Our Judeo-Christian deity, the God I grew up with, was all-knowing and all-powerful. He stood outside of space and time. He created the heaven and the earth, by which we now understand a universe of 100 billion galaxies each containing 100 billion stars. Many of those stars have planets, and many of those planets must have life that our God knows about. But our God is first of all the God of the Hebrews—He speaks Hebrew; His secret name is Yahweh, or Jehovah; and He has a special pact with those who are Jewish and those who are willing to convert to the religion of his son Jesus, who was a Jew but was also something new. He cares for all humans on this planet, except for those who don’t know about Him, because they were raised in some other part of the world or before the time of Jesus. If they are merely ignorant of His all-powerful nature, He is content to let them tremble in limbo. If they know of Him and still refuse to worship, then they will burn in hell.
This is the god of small children. He has a name and place, likes and dislikes, and even a family. He is our “invisible friend.” A learned theologian of the Christian religion would argue that this is a childish and undeveloped view, and that a mature Christian relates to God very differently. Perhaps my defect is that I never learned how to do this. Perhaps the adult adopts a less detailed, more intellectual view of the God he or she once knew as Yahweh of the Hebrews calling out to Adam in the garden. Perhaps mature belief evolves into the cool abstraction of Aristotle’s prime mover, the “unmoved mover” who first caused the universe to come into being.2 Such a deity is by nature distant and unknowable, far removed from human concerns. You could no more pray to the Unmoved Mover for grace or divine guidance than you could pray to It for a red bicycle.
No, stripping the details away from religion is like peeling away the onion looking for a center that has no more layers. We look for a nugget of truth and meaning, and find only empty space. Remove the four faces of Brahma, remove from his four hands the implements of religion, remove the lotus he sits on—and what do you have? A cool abstraction. Perhaps the Hebrews were wise in this instance when they insisted that God’s name was secret. Perhaps Islam is wiser yet, to insist that the faces of Allah and Mohammad never be drawn and so provide no fixed form that can be worshipped in error.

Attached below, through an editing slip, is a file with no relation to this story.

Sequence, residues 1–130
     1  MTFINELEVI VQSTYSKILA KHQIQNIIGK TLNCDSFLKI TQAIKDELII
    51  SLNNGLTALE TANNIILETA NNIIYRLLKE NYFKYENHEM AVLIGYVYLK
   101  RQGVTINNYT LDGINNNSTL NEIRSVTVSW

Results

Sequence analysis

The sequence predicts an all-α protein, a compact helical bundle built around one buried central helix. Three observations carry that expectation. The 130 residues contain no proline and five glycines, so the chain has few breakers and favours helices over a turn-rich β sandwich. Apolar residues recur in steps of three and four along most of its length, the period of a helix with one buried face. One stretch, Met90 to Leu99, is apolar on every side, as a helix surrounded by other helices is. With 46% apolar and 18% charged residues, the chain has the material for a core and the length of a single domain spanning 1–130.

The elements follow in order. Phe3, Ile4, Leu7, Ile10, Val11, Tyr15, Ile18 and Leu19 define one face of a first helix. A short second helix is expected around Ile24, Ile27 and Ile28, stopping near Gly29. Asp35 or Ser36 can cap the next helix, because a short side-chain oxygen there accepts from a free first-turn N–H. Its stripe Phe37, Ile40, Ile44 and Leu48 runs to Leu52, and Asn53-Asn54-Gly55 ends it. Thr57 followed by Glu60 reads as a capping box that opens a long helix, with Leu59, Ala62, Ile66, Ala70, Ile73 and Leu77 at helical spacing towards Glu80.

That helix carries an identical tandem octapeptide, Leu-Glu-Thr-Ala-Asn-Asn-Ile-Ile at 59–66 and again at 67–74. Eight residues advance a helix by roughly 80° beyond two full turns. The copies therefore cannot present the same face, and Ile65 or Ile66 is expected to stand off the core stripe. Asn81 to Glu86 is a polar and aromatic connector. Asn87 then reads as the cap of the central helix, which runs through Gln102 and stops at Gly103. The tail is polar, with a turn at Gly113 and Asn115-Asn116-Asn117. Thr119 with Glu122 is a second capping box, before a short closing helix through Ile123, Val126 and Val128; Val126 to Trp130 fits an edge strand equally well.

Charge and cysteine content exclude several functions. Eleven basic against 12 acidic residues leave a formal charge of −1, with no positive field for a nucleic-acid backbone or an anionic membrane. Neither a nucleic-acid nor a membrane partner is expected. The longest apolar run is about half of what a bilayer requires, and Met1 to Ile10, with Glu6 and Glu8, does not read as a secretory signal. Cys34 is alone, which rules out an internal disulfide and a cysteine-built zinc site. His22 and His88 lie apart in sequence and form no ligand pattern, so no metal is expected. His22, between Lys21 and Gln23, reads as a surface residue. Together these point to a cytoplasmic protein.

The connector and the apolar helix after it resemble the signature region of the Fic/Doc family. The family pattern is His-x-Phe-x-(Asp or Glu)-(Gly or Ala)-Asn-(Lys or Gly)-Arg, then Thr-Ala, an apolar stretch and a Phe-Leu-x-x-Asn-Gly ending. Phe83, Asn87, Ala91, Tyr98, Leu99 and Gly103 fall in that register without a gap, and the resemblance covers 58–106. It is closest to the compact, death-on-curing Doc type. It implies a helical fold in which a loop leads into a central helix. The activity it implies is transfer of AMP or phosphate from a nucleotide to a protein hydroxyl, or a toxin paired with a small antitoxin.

But I can’t believe that those who profess a faith in God and take comfort in religion are actually, deep in their hearts, worshipping a cool abstraction. Of course, I have no faith myself, and so I cannot testify to what an adult might believe and feel during the practice of religion. Still, I know that humans are a story-telling species. We draw pictures. We cling to faces, places, and names. We define reality by its details. That’s how Ganesh got his elephant’s head and wisdom. It’s how Odin became the one-eyed man with two ravens, Thought and Memory, as his familiars.
Those details make the belief strong. They provide bread to the teeth of the mind. There is no loss of faith in imagining these details. Until, that is, the followers of Yahweh declare that followers of Odin and Ganesh are deluded and worship the false masks of a devil sent from hell.
God is in the details. And yet, in a most significant way, He is not. And in this sense, all human religions are true.
1. “Except ye be converted, and become as little children, ye shall not enter into the kingdom of heaven.” Matthew 18:3.
2. God as the densely packed and exploding nugget of the Big Bang? God as the naughty small boy who packed that nugget in the first place and lit the fuse? Don’t get me started on the Big Bang as just another creation myth!